Donald Trump and Kim Jong-un appear to be overturning one of Marx’s famous dictums: this time, history is happening first as farce. The blustering, bouffant-haired leaders who attacked each other as a “dotard” and “little rocket man”, and threatened mutual obliteration, now say they will sit down to talk peace. Farce is preferable to tragedy, and after the warnings of fire and fury, the chance to at least postpone a conflagration is welcome. Any further advance to a substantive peace agreement would be a true triumph. But it is hard to take such a prospect very seriously, and easy to see what could go very wrong.
Assuming the summit goes ahead, it will be the first time a sitting US president has met any North Korean leader. But this is Pyongyang’s diplomatic coup, not Washington’s. For North Korea, the talks are the prize – or a very substantial one, at least. Previous administrations did not want to hand that over for nothing. Mr Kim will be able to show his people that he has met the world’s superpower on equal terms. Few believe that the North is willing to denuclearise in the sense the US means. (James Clapper, then director of national intelligence, said publicly that this was “probably a lost cause” back in 2016.) It is unclear whether Mr Trump understands this. The lesson the North learned from Iraq and Libya – surely hammered home by Mr Trump’s military threats – is to get the best weapons quickly, and hang on to them. A freeze would be a good and more plausible outcome, but even wiser, more experienced and more committed heads would find it extremely challenging.
Worse, both sides presumably believe bellicosity and provocation have worked; and that they each know how to handle the other. That cannot be good. Credit for de-escalation should go primarily to South Korea, where President Moon Jae-in’s administration has worked tirelessly and skilfully, while keeping Mr Trump on side by pretending that the glory is his.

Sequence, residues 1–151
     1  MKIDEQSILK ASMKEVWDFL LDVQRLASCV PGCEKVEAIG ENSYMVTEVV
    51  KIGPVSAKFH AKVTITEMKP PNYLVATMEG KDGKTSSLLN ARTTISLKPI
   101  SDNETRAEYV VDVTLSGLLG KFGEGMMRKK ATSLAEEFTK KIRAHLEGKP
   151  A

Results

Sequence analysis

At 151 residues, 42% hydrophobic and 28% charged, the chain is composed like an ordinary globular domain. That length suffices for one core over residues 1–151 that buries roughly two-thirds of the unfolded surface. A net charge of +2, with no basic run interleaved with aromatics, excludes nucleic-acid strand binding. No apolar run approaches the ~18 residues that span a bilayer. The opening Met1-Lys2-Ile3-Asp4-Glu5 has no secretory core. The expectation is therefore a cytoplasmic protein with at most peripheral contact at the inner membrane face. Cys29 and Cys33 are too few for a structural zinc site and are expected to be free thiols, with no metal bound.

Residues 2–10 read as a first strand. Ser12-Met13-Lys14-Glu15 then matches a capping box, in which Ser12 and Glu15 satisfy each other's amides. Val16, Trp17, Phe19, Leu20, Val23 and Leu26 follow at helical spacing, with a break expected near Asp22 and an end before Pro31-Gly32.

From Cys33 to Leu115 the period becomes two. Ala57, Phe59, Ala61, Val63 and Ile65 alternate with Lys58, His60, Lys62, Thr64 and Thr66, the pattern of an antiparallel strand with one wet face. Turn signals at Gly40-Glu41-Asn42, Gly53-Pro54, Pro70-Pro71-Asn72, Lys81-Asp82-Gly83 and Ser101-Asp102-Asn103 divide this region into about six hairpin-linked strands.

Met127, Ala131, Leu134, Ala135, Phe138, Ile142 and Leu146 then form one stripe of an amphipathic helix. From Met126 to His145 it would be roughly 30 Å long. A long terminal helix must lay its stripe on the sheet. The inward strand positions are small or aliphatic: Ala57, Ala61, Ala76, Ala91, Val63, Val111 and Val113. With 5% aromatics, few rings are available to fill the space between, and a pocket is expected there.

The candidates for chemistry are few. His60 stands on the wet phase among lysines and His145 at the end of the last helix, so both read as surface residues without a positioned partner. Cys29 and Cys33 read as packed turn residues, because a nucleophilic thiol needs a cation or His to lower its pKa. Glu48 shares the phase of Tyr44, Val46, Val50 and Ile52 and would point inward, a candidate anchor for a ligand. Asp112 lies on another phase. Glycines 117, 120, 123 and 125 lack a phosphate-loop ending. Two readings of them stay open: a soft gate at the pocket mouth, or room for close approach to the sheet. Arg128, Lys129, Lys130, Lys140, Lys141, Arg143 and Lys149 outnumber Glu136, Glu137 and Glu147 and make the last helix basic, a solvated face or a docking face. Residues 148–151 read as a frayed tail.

This is not Nixon in China. That feat took years of planning, masses of expertise, and concentrated, high-level diplomacy. This appears to be a vain caprice, made with minimal or no discussion with the state department (and, some suggest, with an eye to the storm over adult film actor Stormy Daniels’s claims of an affair). Even disregarding its internal dysfunction and the many issues demanding its attention, the administration has little time to develop plans and has slashed the state department’s expertise on the region, on arms control and even on negotiating. And any blueprint may be irrelevant; Mr Trump is impetuous, unwilling to remedy his ignorance by listening to others, and loves to grandstand. There is little to show at home or abroad for his boast that he is a dealmaker. The US does not even have an ambassador to South Korea. It dropped its choice, Victor Cha – an expert widely regarded as a hawk – for not being hawkish enough and warning against a “bloody nose” strategy towards the North. Professor Cha warned that “this dramatic act of diplomacy … may also take us closer to war. Failed negotiations at the summit level leave all parties with no other recourse for diplomacy.”
US allies are nervous: the risks are real. The prestige of both sides is invested in this meeting. It isn’t hard to imagine the men giving or taking offence, or Mr Trump dropping US secrets or making a concession inadvertently, or goading the North in a post-summit tweet. Yes, jaw-jaw is better than war-war. But there is every likelihood that a summit will be at best a spectacle, and at worst could bring tragedy rather than peace one step closer.